6. Quiet Title Action in Court. If you can’t come to an agreement with your neighbor, the final option is to go to court, have both sides present their evidence for why they should legally own the piece of land in question, and then the court will issue a final ruling to quiet the issue. This can get very costly and is usually over a minor issue, so we always try to encourage neighbors to come to their own agreement outside of court before using this option.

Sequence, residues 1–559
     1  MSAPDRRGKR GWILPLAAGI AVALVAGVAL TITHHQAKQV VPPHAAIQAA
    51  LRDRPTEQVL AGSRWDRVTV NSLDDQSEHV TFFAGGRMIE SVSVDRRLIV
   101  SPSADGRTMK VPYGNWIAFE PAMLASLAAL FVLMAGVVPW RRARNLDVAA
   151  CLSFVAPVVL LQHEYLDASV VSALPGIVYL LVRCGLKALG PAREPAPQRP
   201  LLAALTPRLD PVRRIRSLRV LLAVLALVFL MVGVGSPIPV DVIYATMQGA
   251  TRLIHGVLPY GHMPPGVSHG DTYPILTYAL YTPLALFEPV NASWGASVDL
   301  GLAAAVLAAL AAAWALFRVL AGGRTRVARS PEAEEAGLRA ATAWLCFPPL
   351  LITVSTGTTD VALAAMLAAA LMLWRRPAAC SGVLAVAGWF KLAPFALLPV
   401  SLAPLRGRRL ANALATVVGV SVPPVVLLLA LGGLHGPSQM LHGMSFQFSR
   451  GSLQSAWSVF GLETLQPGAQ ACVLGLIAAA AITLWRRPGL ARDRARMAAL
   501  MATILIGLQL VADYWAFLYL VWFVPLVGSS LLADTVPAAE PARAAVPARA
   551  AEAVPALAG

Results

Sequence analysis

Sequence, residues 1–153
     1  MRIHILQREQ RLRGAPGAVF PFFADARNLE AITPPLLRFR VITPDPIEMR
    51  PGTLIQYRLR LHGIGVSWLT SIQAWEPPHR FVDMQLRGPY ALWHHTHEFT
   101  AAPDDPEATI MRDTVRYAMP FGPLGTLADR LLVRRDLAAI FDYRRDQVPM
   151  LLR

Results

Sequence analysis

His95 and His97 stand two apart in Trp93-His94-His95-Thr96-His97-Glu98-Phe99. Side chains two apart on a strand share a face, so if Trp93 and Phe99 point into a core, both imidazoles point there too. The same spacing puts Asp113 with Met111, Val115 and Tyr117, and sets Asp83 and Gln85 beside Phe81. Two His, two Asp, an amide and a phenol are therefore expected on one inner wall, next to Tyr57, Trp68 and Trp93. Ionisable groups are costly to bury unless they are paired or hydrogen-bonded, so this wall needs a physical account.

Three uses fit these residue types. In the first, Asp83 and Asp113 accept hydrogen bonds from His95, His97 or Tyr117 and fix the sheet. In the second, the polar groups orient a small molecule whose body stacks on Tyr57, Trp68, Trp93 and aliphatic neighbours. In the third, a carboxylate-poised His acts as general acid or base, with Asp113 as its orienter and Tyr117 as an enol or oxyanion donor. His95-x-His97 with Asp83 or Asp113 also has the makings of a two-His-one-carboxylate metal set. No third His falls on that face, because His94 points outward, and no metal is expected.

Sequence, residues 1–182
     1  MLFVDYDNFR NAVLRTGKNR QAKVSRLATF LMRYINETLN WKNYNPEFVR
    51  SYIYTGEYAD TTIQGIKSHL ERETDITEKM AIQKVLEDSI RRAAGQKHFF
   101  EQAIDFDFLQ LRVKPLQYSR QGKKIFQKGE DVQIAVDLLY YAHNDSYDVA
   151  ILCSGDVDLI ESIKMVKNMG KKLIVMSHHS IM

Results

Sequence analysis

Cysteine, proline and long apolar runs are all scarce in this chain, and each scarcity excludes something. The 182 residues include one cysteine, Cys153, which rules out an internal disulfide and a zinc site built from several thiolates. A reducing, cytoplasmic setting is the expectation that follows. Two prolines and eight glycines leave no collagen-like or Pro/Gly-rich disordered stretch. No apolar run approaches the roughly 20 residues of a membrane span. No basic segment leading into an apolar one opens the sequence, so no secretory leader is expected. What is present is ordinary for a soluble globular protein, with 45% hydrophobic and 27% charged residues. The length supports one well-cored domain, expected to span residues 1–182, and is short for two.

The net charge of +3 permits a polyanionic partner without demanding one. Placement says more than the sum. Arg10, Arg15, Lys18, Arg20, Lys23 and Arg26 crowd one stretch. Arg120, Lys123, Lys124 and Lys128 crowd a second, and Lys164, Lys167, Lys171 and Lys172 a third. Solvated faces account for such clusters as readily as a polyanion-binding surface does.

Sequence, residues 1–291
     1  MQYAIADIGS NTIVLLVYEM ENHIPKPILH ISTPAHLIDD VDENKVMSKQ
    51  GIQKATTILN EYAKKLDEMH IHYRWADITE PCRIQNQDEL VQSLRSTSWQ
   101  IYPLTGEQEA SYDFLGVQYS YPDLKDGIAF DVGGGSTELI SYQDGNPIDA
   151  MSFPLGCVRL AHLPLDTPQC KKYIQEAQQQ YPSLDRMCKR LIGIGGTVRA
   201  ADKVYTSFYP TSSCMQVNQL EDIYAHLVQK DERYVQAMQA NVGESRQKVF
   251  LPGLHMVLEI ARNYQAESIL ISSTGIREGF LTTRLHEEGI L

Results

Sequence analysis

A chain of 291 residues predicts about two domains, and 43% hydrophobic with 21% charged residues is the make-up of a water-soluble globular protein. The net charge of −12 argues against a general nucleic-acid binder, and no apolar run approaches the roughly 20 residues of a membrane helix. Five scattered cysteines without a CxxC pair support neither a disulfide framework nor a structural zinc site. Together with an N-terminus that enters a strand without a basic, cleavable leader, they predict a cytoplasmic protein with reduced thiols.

There is an actual Alabama law for what they call partition fences, which is when a fence is on the boundary line of the property. If it is only being used by one neighbor then it is their fence and they are responsible for it. If a neighbor ties into the fence and then uses it as the agreed upon boundary between the two lots, then it becomes a partition fence and is now a shared cost expense. The person who initially built the fence can have their neighbor who tied into it pay a portion of what it cost to build that side of the fence in the first place with deductions taken for things like the time it’s been up and damage it has incurred over the years, and they can require a shared expense on upkeep for the section of fence they are sharing. This is a statute and is not debatable. If you choose to tie into a neighbor’s fence, you are making yourself subject to this law without debate. If you and the neighbor you share a fence with disagree on the amount to pay in upkeep, you can take the issue to court and the court will find three disinterested parties to analyze the fence and give a quote on upkeep expenses, and the court will determine the final amount that needs to be paid.